Faculty, Alumni, Students Attend Veterinary Leadership Experience

Ten Auburn faculty, students and alumni attended a national veterinary conference aimed at bringing together those in the profession to develop skills in leadership, communication, self-awareness, and self-care.

Held in Post Falls, Idaho, in June, the Veterinary Leadership Experience (VLE) is a weeklong intensive leadership training program that encourages participants to think outside the box for personal and professional growth and it helps them learn the skills necessary to be healthy and resilient in a demanding and stressful profession. VLE is a program of the nonprofit Veterinary Leadership Institute.

Three faculty—Drs. Brandon Brunson, Erin Groover and Lindsey Starkey—and current students Rachael Lander, Jonathan Tubbs and Brandon Weyhing attended VLE. CVM alumni included Drs. Carolyn Henry ‘90, Anna Richburg ’13 and Emily Tincher ‘16.

Veterinary Leadership Experience learn skills necessary to be healthy and resilient in a demanding and stressful profession.

Auburn alumni, faculty and students have a chance to bond at VLE.
Auburn alumni, faculty and students have a chance to bond at VLE.

Dr. Brunson, a histology lecturer in the Department of Anatomy, Physiology and Pharmacology, has attended VLE in the past and returned this year as a facilitator.

“VLE gave me vital experience in experiential learning and servant leadership, two skills you don’t often associate in veterinary medicine but are crucial to the profession,” Dr. Brunson said.

“I apply those skills daily in our curriculum in teaching students, and in my interaction with colleagues. VLE allows you to ask yourself ‘who you are’, ‘why are you the way you are’ and how to develop skills to become a stronger, more effective communicator.”

Through large- and small-group settings, the 117 participants and more than 35 VLE staff and facilitators challenged and encouraged one another to explore issues such as self-awareness, social awareness, communication skills and conflict resolution.

Dr. Groover, an assistant clinical professor of equine internal medicine in the Department of Clinical Sciences, said, “VLE allowed me to evaluate and advance my skills in these areas, but more meaningful to me was exploring my skills with working in a new team environment.

“It was really enlightening, and I brought home skills that can be applied to my role at AU CVM.

“I also absolutely loved seeing our students shine at VLE. I was so proud of how open they were to the experience and the enthusiasm they brought home to the college. It’s inspiring.”

Dr. Starkey, an assistant professor of parasitology in the Department of Pathobiology, said she would recommend the experience. “It is an immersive and, at times, mentally and emotionally exhaustive week.

“But it wasn’t sitting and learning the skills, it was living them and putting them into practice in an environment conducive for being vulnerable to allow for personal growth. Every scenario led to open and honest conversations in small group setting—I never thought I’d feel so comfortable with 11 strangers so quickly, but, on just our second full day, we all worked together to hoist/pull every single person over a 12-foot wall!”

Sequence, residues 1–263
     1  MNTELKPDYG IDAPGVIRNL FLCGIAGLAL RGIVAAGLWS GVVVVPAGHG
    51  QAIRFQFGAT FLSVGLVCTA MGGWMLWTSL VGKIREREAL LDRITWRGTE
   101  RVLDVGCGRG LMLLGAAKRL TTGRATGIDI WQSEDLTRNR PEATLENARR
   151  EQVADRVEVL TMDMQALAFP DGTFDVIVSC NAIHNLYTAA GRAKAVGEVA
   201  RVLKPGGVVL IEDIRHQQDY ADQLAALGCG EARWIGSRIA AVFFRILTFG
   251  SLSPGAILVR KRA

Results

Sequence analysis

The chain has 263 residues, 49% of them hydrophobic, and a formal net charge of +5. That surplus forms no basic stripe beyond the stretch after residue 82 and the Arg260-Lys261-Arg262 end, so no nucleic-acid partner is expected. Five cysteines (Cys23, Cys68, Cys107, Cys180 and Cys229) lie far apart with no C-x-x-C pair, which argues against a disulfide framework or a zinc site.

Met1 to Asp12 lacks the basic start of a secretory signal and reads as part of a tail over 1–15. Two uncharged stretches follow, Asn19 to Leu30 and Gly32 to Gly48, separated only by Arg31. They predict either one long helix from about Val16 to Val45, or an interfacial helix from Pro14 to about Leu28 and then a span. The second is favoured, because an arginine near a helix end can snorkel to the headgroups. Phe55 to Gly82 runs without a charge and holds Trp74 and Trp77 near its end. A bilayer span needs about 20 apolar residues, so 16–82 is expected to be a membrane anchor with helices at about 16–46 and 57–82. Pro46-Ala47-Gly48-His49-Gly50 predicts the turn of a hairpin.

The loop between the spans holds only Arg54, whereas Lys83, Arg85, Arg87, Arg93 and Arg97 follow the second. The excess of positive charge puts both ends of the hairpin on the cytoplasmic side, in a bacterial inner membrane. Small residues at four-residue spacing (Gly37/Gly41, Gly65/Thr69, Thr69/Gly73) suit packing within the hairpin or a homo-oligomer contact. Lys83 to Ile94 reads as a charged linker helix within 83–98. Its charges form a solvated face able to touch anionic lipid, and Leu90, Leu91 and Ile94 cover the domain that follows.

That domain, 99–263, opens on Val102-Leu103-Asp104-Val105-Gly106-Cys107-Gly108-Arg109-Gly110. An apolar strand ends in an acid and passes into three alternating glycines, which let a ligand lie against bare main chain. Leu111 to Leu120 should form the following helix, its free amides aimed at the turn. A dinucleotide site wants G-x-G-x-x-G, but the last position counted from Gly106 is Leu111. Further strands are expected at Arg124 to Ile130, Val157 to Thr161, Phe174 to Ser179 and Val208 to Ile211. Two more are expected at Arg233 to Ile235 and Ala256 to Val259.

Dr. Starkey said attending VLE will make a difference in her teaching and professional work. “My biggest take-away [is] to practice active listening when in conversations with others, to increase my awareness of nonverbal communication and to practice servant leadership. I consider myself fortunate to have had the opportunity to attend as an Auburn faculty member, and I am grateful for the eye- and heart-opening experience.”

Third-year class president Brandon Weyhing said it is difficult to explain how impactful the program has been. “With two years down and two to go, it could not have occurred at a better point during my journey as a veterinary student,” he said. “VLE really reminded me of the power of communication and the importance of meaningful relationships with our peers. In a world full of noise and stressful coursework, it was rejuvenating to escape and put the real focus on developing as a leader for our profession.

“Each day brought new adventures physically and mentally, encouraging us to get out of our comfort zones to understand those around us and ourselves. I was able to hear what others are doing at their colleges, as well as share what we are doing here at Auburn.

“It was an incredible opportunity to brainstorm ways to develop by enhancing relationships and attitudes. If we can lead by example and give people a glimpse of what we experienced at VLE, we will have the opportunity of having lasting effects within the college and profession.”

Rachael Lander, third-year class vice president, said attending VLE was a life-changing experience. “Never in my life have I encountered such openness of mind and hearts. Everyone there was so influential, not only in regards to my sense of leadership, but who I am as a person.

“I learned that leadership includes many components, [and] one that resonated most strongly with me was a sense of self-awareness.”

Jonathan Tubbs, who attended as an officer and representative of the National SAVMA Executive Board, said, “The training and experiences that I had as well as the people I met during VLE made me a better leader. I look forward to using what I learned for the betterment of our profession and the CVM.”